But fighting our emotions only makes them stronger. Next time you’re feeling anxious, try to force yourself to calm down and tell yourself you shouldn’t be so scared and see if that helps. It will likely just lead you to feel more anxious, and experience additional unpleasant emotions such as anger and frustration as well.

Next time you feel sad, tell yourself you are being stupid, that you need to cheer up, that you should be happy, don’t be so weak. Again, trying to control your emotions will only make them stronger.

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Breaking the Vicious Cycle of Anxiety

upward spiralIn a previous post, we looked at the vicious cycle of anxiety, in which an anxiety-provoking events triggers an anxiety-related thought, feeling, behaviour or physiological symptom, which generates additional anxious thoughts, feelings, behaviours and physiological symptoms.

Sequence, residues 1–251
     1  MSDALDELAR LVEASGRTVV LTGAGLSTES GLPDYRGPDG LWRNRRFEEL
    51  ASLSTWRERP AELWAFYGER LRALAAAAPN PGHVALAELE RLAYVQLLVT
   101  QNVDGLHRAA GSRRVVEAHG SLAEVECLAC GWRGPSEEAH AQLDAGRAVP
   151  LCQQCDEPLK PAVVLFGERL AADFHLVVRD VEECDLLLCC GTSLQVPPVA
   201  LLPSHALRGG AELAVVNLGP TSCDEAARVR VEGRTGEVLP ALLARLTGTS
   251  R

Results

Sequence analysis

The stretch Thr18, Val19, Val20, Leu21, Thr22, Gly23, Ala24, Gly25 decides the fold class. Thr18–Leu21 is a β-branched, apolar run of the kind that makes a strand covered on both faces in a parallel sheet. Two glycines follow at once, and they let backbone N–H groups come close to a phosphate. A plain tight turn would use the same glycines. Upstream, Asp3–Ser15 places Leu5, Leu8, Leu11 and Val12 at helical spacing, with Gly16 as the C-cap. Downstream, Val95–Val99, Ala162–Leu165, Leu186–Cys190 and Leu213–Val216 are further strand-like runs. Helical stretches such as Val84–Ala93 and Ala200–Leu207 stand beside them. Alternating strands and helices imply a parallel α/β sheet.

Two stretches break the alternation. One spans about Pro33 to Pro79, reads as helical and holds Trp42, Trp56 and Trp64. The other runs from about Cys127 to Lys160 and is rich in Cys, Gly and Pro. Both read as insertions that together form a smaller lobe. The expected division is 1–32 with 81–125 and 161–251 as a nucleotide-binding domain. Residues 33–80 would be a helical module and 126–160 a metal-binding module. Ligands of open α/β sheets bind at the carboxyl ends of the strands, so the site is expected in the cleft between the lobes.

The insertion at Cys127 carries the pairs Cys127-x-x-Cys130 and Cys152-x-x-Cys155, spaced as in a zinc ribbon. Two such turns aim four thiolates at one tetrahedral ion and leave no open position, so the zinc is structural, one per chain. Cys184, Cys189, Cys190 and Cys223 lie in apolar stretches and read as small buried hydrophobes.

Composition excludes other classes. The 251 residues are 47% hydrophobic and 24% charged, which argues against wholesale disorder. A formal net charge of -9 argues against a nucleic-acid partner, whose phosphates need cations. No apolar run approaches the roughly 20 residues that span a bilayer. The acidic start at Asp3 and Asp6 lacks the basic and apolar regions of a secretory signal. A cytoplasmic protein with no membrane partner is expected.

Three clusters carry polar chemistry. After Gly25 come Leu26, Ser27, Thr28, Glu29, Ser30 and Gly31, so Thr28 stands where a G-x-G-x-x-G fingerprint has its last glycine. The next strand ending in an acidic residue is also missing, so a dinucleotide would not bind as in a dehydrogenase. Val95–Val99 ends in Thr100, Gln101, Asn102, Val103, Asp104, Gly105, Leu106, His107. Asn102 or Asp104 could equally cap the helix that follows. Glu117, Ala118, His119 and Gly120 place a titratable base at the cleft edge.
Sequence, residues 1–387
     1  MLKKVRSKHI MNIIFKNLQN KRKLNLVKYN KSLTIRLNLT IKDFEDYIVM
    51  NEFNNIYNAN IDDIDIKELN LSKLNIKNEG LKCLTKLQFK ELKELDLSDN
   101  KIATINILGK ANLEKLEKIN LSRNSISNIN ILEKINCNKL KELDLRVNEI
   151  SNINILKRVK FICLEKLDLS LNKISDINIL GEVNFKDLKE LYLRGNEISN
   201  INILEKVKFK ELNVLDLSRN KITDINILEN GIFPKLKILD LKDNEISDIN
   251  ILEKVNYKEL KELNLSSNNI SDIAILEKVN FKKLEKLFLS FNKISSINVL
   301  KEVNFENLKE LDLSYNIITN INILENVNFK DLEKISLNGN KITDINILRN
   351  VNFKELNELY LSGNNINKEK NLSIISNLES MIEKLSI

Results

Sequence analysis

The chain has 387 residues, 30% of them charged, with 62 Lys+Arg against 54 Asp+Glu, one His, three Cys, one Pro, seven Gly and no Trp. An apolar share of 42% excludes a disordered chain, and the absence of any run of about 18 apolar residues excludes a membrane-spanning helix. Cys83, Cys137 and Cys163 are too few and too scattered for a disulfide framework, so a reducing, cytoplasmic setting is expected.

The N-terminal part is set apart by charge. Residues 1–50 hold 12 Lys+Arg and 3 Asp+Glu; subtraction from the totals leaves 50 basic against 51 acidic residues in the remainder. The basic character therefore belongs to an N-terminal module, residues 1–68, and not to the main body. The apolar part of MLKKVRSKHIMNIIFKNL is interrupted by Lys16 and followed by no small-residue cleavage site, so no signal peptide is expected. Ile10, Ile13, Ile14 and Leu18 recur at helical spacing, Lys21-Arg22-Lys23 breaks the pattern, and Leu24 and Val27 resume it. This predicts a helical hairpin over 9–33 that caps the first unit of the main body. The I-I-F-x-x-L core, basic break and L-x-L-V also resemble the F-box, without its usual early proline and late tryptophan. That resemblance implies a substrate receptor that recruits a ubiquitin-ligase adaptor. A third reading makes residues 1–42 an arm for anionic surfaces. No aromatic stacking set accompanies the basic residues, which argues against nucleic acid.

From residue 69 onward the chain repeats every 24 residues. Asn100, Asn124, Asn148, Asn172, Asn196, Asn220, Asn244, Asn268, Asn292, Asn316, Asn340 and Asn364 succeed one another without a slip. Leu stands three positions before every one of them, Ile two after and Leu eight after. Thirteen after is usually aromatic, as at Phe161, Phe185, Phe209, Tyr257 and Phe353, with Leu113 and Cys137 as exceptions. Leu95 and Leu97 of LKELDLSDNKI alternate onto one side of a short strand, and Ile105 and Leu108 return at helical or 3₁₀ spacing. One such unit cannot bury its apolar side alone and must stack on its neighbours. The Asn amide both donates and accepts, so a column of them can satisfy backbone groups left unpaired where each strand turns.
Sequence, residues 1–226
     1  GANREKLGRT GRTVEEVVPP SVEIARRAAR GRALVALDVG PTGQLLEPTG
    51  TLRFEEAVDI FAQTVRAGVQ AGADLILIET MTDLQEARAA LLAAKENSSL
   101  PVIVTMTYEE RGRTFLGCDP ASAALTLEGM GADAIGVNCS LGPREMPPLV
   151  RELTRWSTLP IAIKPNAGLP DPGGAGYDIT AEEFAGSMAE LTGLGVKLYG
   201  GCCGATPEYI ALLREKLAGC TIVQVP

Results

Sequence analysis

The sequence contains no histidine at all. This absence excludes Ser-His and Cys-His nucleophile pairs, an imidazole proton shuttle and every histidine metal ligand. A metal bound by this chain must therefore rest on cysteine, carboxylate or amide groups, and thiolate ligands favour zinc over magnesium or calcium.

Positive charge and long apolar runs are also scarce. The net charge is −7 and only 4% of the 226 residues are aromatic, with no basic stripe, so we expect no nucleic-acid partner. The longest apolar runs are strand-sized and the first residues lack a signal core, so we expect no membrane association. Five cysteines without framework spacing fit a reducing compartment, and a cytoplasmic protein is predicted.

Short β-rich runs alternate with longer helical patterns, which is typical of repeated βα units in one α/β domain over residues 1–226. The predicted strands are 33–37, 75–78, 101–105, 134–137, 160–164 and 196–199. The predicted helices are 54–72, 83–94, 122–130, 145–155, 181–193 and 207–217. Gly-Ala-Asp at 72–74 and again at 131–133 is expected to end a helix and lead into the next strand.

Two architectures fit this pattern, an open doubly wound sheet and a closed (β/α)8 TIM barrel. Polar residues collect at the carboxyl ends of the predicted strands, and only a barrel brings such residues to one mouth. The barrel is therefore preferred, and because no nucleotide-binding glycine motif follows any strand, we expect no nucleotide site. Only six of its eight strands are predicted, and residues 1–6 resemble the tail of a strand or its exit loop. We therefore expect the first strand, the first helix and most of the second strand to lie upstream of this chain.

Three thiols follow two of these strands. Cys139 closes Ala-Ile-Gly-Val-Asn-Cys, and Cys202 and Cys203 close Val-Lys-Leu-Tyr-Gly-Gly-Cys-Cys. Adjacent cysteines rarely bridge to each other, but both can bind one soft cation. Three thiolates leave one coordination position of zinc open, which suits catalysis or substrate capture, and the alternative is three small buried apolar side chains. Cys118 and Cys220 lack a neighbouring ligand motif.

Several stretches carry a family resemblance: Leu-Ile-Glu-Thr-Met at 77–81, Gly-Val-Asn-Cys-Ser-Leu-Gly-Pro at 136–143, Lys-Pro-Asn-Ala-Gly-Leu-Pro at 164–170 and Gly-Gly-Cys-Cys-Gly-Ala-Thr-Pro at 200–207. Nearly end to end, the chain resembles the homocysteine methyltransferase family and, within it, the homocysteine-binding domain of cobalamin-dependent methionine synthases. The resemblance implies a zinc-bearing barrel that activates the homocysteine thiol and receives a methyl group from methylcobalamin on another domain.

One of the keys to overcoming anxiety is break this cycle before it begins to gain momentum. We often don’t have control of our initial response to an anxiety-provoking situation, but once we become aware that something has triggered an anxiety-related thought, feeling, behaviour or physiological symptom, then we can choose how we react. Mindfulness, and congitive behavioural therapy (CBT) or cognitive therapy, are effective ways to help you stop these cycles before they can build.

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The Vicious Cycle of Anxiety